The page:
I wrote last time about the California drought. City folks are complaining about having to cut back 25% while farmers don’t have to cut their water use at all. All the news articles say the farmers “use 80 percent of California water.” But they don’t, nowhere close to it. You might be surprised to learn that agriculture uses about 40%. Here’s the shocker: about 50% of all the water in California dams goes down the streams straight to the Pacific Ocean. Environmentalists insist on it. So, I suggest the city folks tell the governor to hold on to half of the half that’s currently “spilled” so they can take a bath as often as they need to for good hygiene.

Historic quote by Will Rogers:

          “I know part of the presidential candidates personally—well, I know about 18 or 19 of them. The others I know by reputation. So I am going to give you the real facts as I see them.” WA #76, May 25, 1924

Weekly Comments: Iran deal, Indiana pizza and California drought

This was a big week for lawyers. Indiana and Arkansas passed laws and Iran and President Obama reached a deal. And nobody agrees on what was agreed to. Lawyers and diplomats will be arguing over ‘em for decades.

The President says the only alternative to signing the deal with Iran is “another war in the Middle East.”  Actually, most Americans think we are already in a war in the Middle East, and Iran is winning. Iran is supporting Hamas, Al-Qaida and other radical Muslim Islamic terrorists in Syria, Iraq, Gaza, the West Bank, Yemen, Libya, and Somalia. Oddly, sometimes we find ourselves on the same side as Iran.

The reason no one agrees on what the Iran agreement says is that our copy is written in English and their copy is written in Farsi (Iranian). Secretary of State John Kerry and the President say the deal prevents Iran from getting a nuclear bomb for 30 years. That’s what it says in English. But in Farsi, Iran claims they can keep right on building their nuclear facilities, hidden under a mountain. They do agree on one thing: the US and European nations will hand over a hundred billion dollars that has been withheld from Iran, and we’ll resume full trade.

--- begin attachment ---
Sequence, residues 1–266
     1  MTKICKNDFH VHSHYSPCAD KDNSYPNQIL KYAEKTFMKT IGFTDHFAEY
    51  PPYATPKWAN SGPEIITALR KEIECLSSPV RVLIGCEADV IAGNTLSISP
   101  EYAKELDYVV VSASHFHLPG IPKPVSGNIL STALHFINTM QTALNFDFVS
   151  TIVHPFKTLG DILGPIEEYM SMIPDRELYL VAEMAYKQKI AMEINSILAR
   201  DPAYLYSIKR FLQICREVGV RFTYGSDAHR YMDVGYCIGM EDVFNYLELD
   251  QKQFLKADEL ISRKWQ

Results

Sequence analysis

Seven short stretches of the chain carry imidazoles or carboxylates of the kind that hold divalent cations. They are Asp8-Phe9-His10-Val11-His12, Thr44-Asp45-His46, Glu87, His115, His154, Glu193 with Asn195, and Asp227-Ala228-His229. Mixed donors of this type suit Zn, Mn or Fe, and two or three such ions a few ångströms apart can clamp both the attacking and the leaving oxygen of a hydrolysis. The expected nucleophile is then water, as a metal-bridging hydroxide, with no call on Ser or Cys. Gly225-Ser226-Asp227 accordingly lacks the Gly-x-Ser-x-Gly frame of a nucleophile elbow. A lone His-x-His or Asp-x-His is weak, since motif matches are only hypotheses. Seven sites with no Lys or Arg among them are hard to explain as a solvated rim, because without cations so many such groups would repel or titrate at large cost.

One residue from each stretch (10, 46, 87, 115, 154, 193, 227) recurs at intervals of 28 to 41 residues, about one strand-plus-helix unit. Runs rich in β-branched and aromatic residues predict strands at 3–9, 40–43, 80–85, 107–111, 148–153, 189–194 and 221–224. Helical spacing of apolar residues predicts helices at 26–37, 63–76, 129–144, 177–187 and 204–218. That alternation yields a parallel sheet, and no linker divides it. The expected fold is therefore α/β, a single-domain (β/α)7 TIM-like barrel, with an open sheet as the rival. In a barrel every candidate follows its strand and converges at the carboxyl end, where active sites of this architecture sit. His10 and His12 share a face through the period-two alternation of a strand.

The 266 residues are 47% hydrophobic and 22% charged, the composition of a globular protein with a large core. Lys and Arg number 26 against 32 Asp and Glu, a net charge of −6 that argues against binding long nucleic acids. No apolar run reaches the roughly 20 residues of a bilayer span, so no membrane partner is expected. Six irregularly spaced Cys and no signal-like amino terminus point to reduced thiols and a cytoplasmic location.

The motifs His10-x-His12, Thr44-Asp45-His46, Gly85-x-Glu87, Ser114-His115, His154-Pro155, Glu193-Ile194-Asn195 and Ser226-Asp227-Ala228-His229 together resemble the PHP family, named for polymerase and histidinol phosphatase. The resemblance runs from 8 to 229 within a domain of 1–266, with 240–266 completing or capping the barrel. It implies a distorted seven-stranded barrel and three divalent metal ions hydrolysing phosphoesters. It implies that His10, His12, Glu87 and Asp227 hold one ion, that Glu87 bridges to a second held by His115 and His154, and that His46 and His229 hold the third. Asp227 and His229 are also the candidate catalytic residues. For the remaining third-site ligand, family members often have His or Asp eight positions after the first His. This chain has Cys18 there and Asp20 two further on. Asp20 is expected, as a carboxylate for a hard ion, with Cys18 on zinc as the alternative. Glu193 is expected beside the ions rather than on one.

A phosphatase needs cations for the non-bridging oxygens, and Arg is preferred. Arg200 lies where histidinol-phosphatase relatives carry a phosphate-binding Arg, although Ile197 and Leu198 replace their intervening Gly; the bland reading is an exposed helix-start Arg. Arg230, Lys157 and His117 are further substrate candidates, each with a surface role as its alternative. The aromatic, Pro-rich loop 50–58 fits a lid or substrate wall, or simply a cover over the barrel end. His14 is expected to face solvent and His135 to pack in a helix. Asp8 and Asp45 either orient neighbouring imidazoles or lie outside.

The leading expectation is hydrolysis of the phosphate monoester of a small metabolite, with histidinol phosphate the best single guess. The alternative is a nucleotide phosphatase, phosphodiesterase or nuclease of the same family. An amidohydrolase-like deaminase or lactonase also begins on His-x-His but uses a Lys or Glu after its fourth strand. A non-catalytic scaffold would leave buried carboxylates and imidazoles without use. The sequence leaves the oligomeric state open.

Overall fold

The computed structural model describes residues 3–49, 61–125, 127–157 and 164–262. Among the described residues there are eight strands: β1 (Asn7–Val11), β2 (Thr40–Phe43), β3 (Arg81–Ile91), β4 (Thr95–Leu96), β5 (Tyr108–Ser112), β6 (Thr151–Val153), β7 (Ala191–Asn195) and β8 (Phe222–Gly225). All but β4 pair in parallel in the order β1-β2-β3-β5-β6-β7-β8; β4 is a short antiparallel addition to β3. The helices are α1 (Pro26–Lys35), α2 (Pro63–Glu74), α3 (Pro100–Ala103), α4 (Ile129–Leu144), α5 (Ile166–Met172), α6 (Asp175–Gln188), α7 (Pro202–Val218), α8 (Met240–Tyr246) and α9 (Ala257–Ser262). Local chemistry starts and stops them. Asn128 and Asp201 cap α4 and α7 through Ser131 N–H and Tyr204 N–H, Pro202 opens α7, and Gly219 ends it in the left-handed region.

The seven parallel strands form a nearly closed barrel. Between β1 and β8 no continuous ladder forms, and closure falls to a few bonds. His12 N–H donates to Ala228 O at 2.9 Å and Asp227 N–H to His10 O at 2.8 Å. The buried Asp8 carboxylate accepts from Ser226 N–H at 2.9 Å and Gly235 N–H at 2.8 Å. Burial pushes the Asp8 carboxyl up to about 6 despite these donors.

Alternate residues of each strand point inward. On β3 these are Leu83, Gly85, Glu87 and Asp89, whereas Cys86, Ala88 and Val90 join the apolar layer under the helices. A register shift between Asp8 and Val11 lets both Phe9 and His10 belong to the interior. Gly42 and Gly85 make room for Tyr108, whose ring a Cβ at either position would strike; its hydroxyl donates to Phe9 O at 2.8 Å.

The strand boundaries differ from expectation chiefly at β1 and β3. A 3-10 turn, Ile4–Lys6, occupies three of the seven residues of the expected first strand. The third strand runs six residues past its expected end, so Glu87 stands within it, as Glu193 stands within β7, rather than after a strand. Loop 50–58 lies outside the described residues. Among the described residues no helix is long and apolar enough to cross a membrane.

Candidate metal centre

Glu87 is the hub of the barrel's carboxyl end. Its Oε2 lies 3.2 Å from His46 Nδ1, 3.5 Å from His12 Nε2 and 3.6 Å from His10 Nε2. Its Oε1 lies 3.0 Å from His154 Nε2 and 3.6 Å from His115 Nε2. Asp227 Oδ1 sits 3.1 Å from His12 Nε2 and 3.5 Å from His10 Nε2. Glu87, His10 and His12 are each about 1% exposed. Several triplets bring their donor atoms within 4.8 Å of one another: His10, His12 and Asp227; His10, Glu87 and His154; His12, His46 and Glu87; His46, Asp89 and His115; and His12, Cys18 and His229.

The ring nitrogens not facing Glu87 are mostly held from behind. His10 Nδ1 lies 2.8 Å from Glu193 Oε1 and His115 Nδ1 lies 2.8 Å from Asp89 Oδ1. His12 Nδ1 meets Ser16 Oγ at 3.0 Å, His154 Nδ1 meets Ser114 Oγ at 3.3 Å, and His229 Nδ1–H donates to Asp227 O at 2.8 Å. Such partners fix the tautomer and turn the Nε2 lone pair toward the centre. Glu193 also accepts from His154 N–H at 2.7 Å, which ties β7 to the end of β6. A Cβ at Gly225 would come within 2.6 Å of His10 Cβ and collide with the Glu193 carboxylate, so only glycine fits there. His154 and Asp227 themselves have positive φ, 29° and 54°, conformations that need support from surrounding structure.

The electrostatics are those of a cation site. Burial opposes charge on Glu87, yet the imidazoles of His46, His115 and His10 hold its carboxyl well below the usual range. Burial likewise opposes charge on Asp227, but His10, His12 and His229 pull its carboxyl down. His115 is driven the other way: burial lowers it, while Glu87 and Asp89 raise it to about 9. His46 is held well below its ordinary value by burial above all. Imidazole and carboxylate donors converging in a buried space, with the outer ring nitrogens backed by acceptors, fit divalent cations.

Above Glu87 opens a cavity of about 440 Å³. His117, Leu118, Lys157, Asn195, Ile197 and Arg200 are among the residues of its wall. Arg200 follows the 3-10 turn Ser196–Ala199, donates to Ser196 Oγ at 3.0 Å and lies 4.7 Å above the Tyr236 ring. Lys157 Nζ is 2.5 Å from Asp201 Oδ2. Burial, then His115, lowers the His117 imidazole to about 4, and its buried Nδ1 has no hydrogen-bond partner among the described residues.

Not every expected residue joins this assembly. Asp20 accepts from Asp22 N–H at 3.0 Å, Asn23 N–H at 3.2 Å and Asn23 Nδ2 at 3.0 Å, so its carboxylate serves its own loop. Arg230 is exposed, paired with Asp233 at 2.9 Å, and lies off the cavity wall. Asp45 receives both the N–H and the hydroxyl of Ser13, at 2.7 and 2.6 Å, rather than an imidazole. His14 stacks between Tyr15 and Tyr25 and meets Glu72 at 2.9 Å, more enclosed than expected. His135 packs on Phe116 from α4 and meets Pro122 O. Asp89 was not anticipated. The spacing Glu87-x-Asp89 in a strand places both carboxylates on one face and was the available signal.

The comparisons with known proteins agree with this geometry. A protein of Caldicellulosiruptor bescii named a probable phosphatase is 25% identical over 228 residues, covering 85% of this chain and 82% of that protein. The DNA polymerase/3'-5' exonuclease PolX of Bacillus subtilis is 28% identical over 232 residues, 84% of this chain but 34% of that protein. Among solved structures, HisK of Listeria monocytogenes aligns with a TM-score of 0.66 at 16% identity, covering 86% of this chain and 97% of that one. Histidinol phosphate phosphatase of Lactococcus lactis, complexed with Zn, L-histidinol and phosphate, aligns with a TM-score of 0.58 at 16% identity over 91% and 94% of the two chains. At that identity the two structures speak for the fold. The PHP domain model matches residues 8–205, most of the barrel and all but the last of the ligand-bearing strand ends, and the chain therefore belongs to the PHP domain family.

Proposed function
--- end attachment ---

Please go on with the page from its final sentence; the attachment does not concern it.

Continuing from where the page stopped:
Then there’s an unwritten agreement, which is in neither English nor Farsi. What do you suppose Iran agreed to? No nuclear attack on the US or Israel, at least until after January 20, 2017? Or maybe, no attack until a month after Secretary Kerry accepts the Nobel Peace Prize?

Back to Indiana and Arkansas. Based on the opposite reactions maybe those bills were written in Farsi. As near as I can make out, the Indiana argument came about because somebody organizing a gay wedding decided that instead of a 3-tier cake they wanted a double crust pizza. The owner of a pizza shop refused, “We’ve been serving pizza for thirty years. But no one ever ordered pizzas from us for a wedding, and we don’t want to start a new trend. Of course, if those folks want to host a party to watch, say, a championship basketball game, we’ll be delighted to sell ‘em all the pizzas they want.”  Then Wal-Mart jumped into the fray, threatening to close every store in Indiana and move their headquarters out of Arkansas to China.

California is drying up. The drought has been going on for four years but they are just now realizing it hasn’t rained in a while. And this winter all the snow that usually lands on the Sierra Nevada Range stayed up in the air until it reached Boston. There’s an argument over who should get the little bit of water that’s left. City folks are being asked to cut back, but they complain that farmers get a big share of the water. Of course the farmers must irrigate their crops that contribute about $50 billion to the state’s economy. I doubt that irrigated lawns and backyard swimming pools contribute much of anything. Those of us who eat fruits, vegetables and nuts from California would side with the farmers and let their lawns, pools, and golf courses dry up. (But when it comes to polo fields, I ain’t sure the ponies would like running on bare ground.)

If you’re planning to visit California, Governor Brown definitely wants you to come, but he suggests you bring your own water. In fact, if you can rent a tanker truck and haul a load of water from home it might pay for the whole vacation.

Historic quotes by Will Rogers:

“Nations don’t do things (the easy) way. If they did there would be no diplomats, and diplomats are nothing but high-class lawyers —  and some ain’t even high class.” WA #5, Jan. 14, 1923

“The government is doing what they can (to solve the drought), but even a Democrat can’t make it rain.” DT #2476, July 10, 1934